I have a friend who, back in the day, was in the orchestra. He was very good at what he did. It was a joy to watch and hear him play. I often sat in awe. There was simply no way on earth I could have played what he did or the way he did. Not in a million years.
Orchestra and me? Not a mix. Not that I didn’t care for orchestral music, you understand. It’s just that I was in jazz band (stage band). If you had put me in the orchestra I would have been like a fish out of water; I would have shriveled up and died. And hey, I’m even bold enough to think my friend might have struggled had he been thrust into stage band.
See, in orchestral music, there’s rarely, if ever, any real opportunity for improvisation. Every note is planned out long before the sheet music even hits the stand. The idea is sound: you take the music and you put your heart into it. Hard to argue with that.
But, in jazz band, we typically lived or died by improvisation. Improvisation was the air we breathed; it was our bread and butter. While most of what we’d do was planned out to the note before we went on stage, included in the music was deliberate open space for exploration of what was in our heart in the moment. And the way it sounded in performance might not be at all what it sounded like in practice. It’s a healthy idea: you take your heart and you let the music come out from it.
Now if you can grasp that, then understand it’s the same way with preaching. Some preachers are like those in the orchestra. They live by structure and predictable repeatability. They know what they’re going to do months in advance and their Sunday sermons are in manuscript form long before Saturday night rolls around. Improv isn’t even in the vocabulary of such ministers. And that can be a good thing.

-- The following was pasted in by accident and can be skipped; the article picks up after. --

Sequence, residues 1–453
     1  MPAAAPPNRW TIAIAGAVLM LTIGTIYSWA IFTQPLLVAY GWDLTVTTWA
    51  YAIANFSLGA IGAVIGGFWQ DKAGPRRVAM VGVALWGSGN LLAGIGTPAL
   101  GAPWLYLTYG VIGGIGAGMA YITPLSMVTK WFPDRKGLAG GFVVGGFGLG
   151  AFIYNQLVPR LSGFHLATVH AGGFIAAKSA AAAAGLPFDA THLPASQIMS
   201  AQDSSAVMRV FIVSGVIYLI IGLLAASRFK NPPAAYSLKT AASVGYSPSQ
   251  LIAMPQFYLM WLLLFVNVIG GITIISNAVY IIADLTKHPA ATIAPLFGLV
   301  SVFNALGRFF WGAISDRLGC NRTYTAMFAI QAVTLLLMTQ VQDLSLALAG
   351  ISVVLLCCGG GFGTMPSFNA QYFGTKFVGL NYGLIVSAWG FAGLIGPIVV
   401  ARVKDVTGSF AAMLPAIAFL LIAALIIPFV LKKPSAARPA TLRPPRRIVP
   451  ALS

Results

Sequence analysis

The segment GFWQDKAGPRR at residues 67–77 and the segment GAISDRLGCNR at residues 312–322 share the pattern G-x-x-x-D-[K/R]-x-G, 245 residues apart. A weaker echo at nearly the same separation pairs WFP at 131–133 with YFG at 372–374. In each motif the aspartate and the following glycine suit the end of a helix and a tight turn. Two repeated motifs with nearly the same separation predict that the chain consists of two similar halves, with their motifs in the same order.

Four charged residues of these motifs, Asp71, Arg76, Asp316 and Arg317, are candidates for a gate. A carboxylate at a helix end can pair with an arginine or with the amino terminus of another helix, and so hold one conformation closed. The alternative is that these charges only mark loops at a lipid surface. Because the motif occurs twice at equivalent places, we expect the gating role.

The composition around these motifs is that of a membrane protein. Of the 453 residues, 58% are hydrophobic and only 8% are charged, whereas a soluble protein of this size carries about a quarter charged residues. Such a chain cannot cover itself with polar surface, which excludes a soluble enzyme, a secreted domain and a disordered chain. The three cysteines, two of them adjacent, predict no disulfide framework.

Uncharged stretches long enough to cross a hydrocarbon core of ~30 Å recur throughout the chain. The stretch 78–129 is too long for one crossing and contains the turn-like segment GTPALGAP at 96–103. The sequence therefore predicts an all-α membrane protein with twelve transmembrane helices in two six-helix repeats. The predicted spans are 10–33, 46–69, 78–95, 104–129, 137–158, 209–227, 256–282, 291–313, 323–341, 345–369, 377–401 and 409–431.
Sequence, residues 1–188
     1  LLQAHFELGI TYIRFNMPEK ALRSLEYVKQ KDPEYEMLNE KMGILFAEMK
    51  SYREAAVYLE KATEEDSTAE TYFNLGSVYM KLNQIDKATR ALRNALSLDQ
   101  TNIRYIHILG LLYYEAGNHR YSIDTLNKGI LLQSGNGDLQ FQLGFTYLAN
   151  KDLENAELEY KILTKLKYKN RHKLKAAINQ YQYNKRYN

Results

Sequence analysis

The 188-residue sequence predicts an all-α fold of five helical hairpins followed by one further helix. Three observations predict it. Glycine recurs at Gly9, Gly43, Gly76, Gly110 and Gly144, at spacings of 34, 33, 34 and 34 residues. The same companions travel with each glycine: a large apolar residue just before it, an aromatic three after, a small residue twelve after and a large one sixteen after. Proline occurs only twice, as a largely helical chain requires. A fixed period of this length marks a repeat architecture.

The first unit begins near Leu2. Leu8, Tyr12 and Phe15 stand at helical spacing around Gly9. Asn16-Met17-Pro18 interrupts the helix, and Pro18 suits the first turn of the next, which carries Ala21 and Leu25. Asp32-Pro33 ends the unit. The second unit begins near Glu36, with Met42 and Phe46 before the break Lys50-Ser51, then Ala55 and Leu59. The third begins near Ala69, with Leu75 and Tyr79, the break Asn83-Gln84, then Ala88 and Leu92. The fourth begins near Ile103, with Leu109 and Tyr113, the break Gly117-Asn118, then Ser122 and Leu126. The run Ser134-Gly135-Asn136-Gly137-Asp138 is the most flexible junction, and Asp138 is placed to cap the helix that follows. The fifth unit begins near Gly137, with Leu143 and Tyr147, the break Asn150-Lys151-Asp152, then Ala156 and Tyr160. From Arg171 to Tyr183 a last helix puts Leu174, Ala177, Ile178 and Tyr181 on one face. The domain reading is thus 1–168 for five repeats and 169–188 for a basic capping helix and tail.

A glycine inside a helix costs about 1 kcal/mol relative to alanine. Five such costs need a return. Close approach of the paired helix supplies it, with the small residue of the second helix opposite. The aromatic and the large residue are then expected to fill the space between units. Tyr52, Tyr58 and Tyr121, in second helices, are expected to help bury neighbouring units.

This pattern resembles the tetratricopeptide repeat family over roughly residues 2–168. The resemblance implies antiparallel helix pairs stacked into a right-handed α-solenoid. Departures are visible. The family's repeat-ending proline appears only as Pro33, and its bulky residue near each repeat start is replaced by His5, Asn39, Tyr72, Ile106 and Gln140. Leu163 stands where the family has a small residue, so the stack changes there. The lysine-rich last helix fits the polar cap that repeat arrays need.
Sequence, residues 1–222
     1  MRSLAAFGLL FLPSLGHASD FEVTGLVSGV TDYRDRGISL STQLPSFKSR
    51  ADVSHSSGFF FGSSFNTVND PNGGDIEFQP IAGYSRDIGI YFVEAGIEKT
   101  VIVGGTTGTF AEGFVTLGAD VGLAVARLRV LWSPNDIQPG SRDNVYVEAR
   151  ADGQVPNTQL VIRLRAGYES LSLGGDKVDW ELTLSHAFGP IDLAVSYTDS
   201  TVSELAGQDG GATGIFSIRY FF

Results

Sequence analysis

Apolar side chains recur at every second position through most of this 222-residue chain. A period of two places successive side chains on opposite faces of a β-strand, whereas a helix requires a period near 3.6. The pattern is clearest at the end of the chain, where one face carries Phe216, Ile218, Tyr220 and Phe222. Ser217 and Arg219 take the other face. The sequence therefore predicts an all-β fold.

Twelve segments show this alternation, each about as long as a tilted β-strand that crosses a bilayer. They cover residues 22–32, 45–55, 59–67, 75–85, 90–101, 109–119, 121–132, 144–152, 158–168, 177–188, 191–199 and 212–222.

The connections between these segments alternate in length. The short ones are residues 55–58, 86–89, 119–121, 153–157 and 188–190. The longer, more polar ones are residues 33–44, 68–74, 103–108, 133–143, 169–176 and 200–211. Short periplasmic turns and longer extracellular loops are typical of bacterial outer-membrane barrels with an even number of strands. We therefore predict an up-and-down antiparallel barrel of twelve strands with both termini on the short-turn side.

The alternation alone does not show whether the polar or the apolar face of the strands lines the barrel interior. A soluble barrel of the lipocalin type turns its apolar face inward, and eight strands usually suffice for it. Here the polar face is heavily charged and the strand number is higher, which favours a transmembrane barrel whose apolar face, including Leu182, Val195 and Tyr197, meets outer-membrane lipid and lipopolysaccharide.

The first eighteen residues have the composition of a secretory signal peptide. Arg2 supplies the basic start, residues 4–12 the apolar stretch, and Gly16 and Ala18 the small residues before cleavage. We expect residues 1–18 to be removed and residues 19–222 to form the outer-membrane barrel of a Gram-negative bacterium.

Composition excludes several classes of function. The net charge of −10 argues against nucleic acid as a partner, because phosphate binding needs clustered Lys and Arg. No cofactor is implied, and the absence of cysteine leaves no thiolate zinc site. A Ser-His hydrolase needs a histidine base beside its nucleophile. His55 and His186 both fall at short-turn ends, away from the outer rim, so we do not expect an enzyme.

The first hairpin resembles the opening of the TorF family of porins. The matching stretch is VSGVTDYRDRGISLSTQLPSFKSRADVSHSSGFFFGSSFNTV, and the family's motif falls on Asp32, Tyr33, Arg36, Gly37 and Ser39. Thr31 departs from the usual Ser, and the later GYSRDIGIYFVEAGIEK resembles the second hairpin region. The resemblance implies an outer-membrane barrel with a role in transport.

Meanwhile, other ministers can’t plan out in detail a single sermon in advance, much less a series. A manuscript? What’s that?! Oh, but don’t think for a minute that such preachers are unprepared or of a lower grade. No, they’re prepared to the hilt! It’s just that it’s just not possible for them to preach the same sermon twice and it come out the same way. They’re often just as surprised by what comes out when they get up on stage as anyone else in the room. And that too can be a very good thing.
Now I say all of this to simply say two things. First, if you’re a minister, deliberately experiment. Find the style toward which you tend to gravitate. And then, own it. Refuse to beat yourself up for not being like – or even able to be like – others who preach differently. And if others, who preach differently, give you static, let it roll right off of you. I know, that’s easier said than done and it’s a ceaseless task, but improvise. Because you’ve got to make your own kind of music.
Second, if you’re an elder who oversees your preacher – or you’re a member who listens to your preacher – give your preacher the freedom to sing their own special song. They need that. And you need that. Don’t ever try to squeeze them into your own mold. Especially if they’re more of the jazz band type and you’re more into the orchestral mode – or vice-versa. After all, the preacher’s task isn’t to cover the song the way you would or the way you think they should, but to play the music they sense God is laying on their heart. If they try to do otherwise the music will likely, at best, come out all wrong – forced, stilted, and flat.
Imagine, and let it be.